In State v. Oliveaux, 312 So.2d 337 (La. 1975), the Supreme Court listed the following items from the record as appropriate for a patent-error review: the caption, the statement of time and place of court, the indictment or information and its endorsement, the arraignment, the plea of the accused, the mentioning of the impaneling of the jury, the verdict, the judgment, the bill of particulars filed in connection with a short form indictment or information and, in capital cases, the minute entry indicating that the jury had been sequestered.Summary of this case from State v. Jackson
April 24, 1975. Rehearing Denied May 30, 1975.
APPEAL FROM 4TH JUDICIAL DISTRICT COURT, PARISH OF OUACHITA, STATE OF LOUISIANA, HONORABLE JAMES L. DENNIS, J.
John R. Joyce, Wright Joyce, Monroe, for defendant-appellant.
William J. Guste, Jr., Atty. Gen., Barbara B. Rutledge, Asst. Atty. Gen., Johnny Carl Parkerson, Dist. Atty., John R. Harrison, Asst. Dist. Atty., for plaintiff-appellee.
Defendant, Richard Oliveaux, was convicted after a jury trial of driving while intoxicated, third offense, in violation of La.R.S. 14:98 and was sentenced to one year at hard labor.
La.R.S. 14:98 provides: A. Operating a vehicle while intoxicated is the operating of any motor vehicle, aircraft, vessel or other means of conveyance while under the influence of alcoholic beverages, narcotic drugs, central nervous system stimulants, hallucinogenic drugs or barbiturates. B. Whoever operates a vehicle while intoxicated is guilty of a crime and upon conviction shall be fined not less than one hundred twenty-five dollars and not more than four hundred dollars or imprisoned in the parish jail for not less than thirty days nor more than six months or both. C. On a second conviction, the offender shall be fined not less than one hundred twenty-five dollars nor more than five hundred dollars and shall be imprisoned for not less than one hundred twenty-five days nor more than six months. D. On a third conviction, the offender shall be imprisoned at hard labor for not less than one year nor more than five years. E. On a fourth conviction, the offender shall be sentenced to imprisonment at hard labor for not less than ten nor more than thirty years. F. Provided that any offense under this statute committed more than five years prior to the commission of the crime for which the defendant is being tried shall not be considered in the assessment of penalties hereunder.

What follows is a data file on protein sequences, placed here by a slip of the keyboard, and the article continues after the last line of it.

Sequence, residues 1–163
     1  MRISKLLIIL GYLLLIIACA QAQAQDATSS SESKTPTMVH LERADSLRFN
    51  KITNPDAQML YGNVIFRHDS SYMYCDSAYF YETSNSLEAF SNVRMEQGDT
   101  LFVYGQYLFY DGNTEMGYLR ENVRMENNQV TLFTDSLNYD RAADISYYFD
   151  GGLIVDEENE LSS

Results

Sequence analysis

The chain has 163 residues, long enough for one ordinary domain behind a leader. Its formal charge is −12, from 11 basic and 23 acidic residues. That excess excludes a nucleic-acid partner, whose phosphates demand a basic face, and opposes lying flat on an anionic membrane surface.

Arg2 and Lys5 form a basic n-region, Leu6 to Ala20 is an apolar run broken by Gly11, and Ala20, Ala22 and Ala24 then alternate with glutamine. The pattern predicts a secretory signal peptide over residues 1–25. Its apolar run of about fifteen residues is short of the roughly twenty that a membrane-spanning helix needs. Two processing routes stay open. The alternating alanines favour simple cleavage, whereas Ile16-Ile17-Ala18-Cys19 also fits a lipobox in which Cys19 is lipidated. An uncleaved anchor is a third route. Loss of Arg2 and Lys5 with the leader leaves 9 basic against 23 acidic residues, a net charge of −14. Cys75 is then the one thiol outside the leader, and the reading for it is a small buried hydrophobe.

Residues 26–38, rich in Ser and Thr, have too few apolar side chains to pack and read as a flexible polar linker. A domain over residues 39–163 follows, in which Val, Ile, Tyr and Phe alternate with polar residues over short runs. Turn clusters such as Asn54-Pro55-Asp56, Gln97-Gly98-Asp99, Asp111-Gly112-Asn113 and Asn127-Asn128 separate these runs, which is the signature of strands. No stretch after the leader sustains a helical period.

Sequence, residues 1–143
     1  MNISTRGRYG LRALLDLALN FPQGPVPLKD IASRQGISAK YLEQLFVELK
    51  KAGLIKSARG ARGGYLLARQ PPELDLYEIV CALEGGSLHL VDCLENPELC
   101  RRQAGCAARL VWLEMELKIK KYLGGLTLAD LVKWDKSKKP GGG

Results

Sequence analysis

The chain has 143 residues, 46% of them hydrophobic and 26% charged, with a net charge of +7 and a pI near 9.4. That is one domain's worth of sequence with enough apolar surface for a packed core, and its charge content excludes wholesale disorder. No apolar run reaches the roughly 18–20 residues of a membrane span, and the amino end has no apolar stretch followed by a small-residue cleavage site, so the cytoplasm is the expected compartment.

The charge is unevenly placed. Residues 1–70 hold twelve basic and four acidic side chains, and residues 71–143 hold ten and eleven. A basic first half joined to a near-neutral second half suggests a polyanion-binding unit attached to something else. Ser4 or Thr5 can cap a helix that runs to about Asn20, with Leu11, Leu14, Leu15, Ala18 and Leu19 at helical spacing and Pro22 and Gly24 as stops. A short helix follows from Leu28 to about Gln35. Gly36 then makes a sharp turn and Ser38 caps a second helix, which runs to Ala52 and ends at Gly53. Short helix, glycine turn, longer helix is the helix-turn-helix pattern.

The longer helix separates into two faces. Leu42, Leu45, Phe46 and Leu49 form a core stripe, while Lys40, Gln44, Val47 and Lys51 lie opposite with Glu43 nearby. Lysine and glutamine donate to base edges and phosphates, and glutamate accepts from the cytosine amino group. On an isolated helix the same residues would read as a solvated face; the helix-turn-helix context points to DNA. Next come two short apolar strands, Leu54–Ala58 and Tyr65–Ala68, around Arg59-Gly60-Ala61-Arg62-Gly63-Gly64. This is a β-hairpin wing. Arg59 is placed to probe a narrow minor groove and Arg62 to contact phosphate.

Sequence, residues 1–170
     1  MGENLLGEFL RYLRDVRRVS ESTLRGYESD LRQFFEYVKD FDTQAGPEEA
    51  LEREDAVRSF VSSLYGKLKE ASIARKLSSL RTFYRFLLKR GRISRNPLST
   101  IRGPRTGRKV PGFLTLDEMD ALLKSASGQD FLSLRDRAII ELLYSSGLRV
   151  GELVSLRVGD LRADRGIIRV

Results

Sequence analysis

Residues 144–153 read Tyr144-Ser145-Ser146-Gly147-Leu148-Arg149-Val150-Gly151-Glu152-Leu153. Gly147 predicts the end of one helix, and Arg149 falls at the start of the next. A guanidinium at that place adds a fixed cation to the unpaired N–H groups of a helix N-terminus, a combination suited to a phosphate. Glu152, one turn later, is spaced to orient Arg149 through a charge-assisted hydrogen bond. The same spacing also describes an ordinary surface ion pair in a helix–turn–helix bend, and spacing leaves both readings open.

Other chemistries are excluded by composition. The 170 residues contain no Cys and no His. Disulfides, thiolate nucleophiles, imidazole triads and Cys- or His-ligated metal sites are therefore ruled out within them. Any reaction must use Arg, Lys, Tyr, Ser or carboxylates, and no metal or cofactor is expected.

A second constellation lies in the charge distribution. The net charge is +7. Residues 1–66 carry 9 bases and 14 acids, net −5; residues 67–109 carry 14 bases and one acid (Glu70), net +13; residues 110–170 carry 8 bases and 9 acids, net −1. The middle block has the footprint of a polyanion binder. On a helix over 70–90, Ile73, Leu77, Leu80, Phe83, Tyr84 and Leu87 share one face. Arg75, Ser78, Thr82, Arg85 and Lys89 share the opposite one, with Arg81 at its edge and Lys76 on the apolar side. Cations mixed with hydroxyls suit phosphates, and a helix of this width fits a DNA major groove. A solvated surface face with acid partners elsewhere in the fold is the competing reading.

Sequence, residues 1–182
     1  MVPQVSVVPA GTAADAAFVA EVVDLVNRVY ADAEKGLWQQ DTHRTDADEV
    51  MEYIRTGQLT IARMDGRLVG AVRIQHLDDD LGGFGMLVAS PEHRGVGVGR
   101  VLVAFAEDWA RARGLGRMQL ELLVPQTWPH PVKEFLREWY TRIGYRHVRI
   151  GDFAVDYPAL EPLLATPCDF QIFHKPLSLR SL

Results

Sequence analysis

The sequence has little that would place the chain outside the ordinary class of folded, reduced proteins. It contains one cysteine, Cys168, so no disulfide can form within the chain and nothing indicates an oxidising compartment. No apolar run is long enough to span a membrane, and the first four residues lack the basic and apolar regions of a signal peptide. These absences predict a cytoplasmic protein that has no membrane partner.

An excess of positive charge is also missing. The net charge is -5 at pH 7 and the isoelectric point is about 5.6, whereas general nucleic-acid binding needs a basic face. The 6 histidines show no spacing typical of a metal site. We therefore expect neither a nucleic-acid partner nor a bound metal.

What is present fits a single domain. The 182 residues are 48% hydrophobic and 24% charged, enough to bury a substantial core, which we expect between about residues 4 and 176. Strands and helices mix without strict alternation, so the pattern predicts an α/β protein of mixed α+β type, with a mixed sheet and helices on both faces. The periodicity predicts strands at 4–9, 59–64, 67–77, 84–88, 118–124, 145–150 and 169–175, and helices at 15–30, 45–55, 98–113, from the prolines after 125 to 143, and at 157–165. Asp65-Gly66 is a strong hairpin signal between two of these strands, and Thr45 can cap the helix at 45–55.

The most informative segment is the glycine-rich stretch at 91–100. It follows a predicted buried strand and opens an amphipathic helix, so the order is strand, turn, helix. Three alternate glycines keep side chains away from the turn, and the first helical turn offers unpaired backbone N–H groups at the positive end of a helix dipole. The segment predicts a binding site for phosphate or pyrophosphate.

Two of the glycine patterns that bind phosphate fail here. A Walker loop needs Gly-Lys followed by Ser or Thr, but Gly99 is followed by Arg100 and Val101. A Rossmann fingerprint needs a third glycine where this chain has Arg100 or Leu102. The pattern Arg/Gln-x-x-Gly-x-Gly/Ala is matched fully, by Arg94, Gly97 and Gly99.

No perfected bills of exceptions or errors duly assigned under La.C.Cr.P. Art. 920 as amended by Acts 1974, No. 207 are presented in this appeal. We are therefore confined to an examination of the pleadings and proceedings for discoverable error. La.C.Cr.P. Art. 920(2)
In brief defendant contends that our review of the record will reveal that the pleadings and proceedings fail to show that he was represented by counsel or that he waived counsel on the occasion of his first conviction for driving while intoxicated. He contends that the document which evidences this lack of counsel and lack of waiver is part of the record reviewable by this Court.
In City of Monroe v. Fincher, 305 So.2d 108 (La. 1974), we held that a defendant could not be subject to prosecution and imprisonment as a repeat offender where the record of his prior conviction for the same offense did not show that he had been represented by counsel or had waived counsel.
The State contends in brief that the record does not disclose reversible error. Neither the State nor the defense cites any authority for its position concerning whether the document which purportedly shows lack of counsel and lack of affirmative waiver is part of the record reviewable under La.C.Cr.P. Art. 920(2).
We have determined that the record in a criminal case includes the caption, the statement of time and place of holding court, the indictment or information and the endorsement thereon, the arraignment, the plea of the accused, the mentioning of the impanelling of the jury, the verdict, and the judgment, State v. Palmer, 251 La. 759, 206 So.2d 485 (1968), State v. Sanford, 248 La. 630, 181 So.2d 50 (1965); the bill of particulars filed in connection with a short form indictment or information, State v. Picou, 236 La. 421, 107 So.2d 691 (1959); and, in capital cases, a minute entry indicating that the jury had been sequestered as required by La.C.Cr.P. Art. 791, State v. Hunter, 306 So.2d 710 (La. 1975), State v. Luquette, 275 So.2d 396 (La. 1973).
Mere presence of a document in the record transmitted to this Court is not sufficient to allow us to review the document for discoverable error under Article 920(2). State v. Craddock, 307 So.2d 342 (La. 1975).
In the instant case, the document which has been included in the record, and which defendant contends we may examine to determine that he was not represented by counsel and did not waive counsel on the occasion of his first conviction for driving while intoxicated, appears to be an extract of the minutes of the City Court of the City of Monroe, and it was admitted into evidence as State Exhibit No. 2. As such, the document comes under the category of evidence, an inspection of which is explicitly proscribed by La.C.Cr.P. Art. 920(2).
The document, dated September 16, 1970, lists the defendant's name, the charge, the commitment number, and the sentence imposed. It is not, in our view, a document which purports to contain information with regard to the presence or absence of counsel, or the waiver of the right to counsel.
Art. 920. Scope of appellate review The following matters and no others shall be considered on appeal: . . . . . . (2) An error that is discoverable by a mere inspection of the pleadings and proceedings and without inspection of the evidence. (Emphasis provided)
We have examined the pleadings and proceedings for discoverable error and have found none.
Accordingly, the defendant's conviction and sentence are affirmed.